Dave Chappelle’s former high school will move ahead with honoring the comedian. The decision comes after students jeered and heckled him during a recent Q&A.
They reportedly expected him to apologize following the backlash Chappelle received for jokes he made about the transgender community in his “Closer” special.
The Duke Ellington School of the Arts in Washington, D.C., had made plans to call off the theater-naming ceremony for the performer due to the special’s criticism but now says it will “stand behind” its alumnus, after all – even after Chappelle had joked that the school was “canceling stuff I didn’t even want to do.”
“Recently, Dave Chappelle, via his Instagram page, challenged those who both support and oppose the decision to name the theatre at Duke Ellington School of the Arts after him through a fundraising contest,” the institution said in a statement on Sunday.
“While we appreciate Dave’s impromptu and spirited fundraising initiative, we stand behind our decision to honor the wishes of our co-founder, the late Peggy Cooper Cafritz, to name the theatre after Chappelle,” it adds in part.
Some students at the school staged a protest just weeks after Chappelle pledged $100,000 to the arts school.
Chappelle was also disinvited from a charity event for the theater-naming after he vowed to remove himself as a prospect altogether if those who criticized him put their money where their mouths were and donated more to the school than his supporters.
“Chappelle cares deeply about Ellington and its students and regards them as family,” the school’s memorandum states. “He made an unannounced visit before the Thanksgiving break to meet with his Ellington family and to hear directly from the few students who have concerns about his recent comedy special, ‘The Closer.’ He also wanted to directly express support for their safety in light of some disturbing online comments targeting the Ellington community.
“As an art institution, we educate our students on the importance of media literacy and art as a free and open form of expression to both reflect and challenge society. Although it appears that the clear majority of students at Ellington favor naming the theater for Dave Chappelle, we are seizing this moment to demonstrate the importance of carefully listening to every voice within our diverse and inclusive community.”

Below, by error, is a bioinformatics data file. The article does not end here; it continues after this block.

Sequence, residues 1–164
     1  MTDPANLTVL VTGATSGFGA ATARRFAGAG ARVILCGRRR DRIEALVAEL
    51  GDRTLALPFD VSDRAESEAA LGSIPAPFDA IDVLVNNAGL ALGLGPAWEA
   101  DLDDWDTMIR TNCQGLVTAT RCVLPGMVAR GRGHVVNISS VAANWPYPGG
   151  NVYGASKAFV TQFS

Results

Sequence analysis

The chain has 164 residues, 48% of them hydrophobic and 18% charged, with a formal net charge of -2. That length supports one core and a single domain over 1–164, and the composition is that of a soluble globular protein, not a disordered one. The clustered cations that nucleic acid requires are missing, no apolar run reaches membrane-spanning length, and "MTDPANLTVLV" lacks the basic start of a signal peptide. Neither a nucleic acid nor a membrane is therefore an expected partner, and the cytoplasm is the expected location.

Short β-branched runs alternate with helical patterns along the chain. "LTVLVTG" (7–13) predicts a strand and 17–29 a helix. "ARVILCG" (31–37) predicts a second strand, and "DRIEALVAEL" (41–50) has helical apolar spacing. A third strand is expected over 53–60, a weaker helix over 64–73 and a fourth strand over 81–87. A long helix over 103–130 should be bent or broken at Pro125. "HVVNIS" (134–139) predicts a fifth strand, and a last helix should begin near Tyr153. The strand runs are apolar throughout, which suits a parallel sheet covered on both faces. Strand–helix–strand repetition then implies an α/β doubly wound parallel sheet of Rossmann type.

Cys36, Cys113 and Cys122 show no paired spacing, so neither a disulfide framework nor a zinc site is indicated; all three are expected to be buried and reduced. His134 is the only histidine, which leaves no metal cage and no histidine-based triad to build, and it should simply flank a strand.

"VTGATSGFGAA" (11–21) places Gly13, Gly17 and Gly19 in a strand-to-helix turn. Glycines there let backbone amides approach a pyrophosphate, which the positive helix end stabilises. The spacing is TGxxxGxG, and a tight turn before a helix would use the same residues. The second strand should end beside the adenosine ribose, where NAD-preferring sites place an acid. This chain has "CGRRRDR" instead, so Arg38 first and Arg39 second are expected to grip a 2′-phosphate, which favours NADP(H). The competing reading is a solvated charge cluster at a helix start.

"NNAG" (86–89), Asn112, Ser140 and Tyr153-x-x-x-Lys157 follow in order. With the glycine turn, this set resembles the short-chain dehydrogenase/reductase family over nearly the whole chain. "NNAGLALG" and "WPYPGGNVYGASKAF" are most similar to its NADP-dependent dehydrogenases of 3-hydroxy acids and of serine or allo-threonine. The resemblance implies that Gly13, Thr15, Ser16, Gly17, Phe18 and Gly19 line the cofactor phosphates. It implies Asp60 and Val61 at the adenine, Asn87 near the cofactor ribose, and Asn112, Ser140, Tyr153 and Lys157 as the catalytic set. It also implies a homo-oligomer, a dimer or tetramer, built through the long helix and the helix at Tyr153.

Following the special, many called for it to be removed by Netflix, and a group of Netflix employees staged a walkout in October to protest.
In response, Chappelle said: “To the transgender community, I am more than willing to give you an audience, but you will not summon me. I am not bending to anybody’s demands. And if you want to meet with me, I’d be more than willing to.”
He shared the message in a video posted to his Instagram, before adding certain “conditions” that needed to be met before a meeting could happen.
Last week, Chappelle received a Grammy nomination for best spoken word album for “8:46,” which documents a stand-up special centered on violence against Black Americans amid the angst surrounding the George Floyd protests.
The Recording Academy’s CEO Harvey Mason Jr. told Rolling Stone it would not “restrict the people who can submit their material for consideration” following the nominations of Marilyn Manson and Louis C.K.
“We won’t look back at people’s history, we won’t look at their criminal record, we won’t look at anything other than the legality within our rules: Is this recording for this work eligible based on date and other criteria. If it is, they can submit for consideration,” Mason told the publication in a statement.
“What we will control is our stages, our shows, our events, our red carpets,” he continued. “We’ll take a look at anyone who is asking to be a part of that, asking to be in attendance, and we’ll make our decisions at that point. But we’re not going to be in the business of restricting people from submitting their work for our voters to decide on.”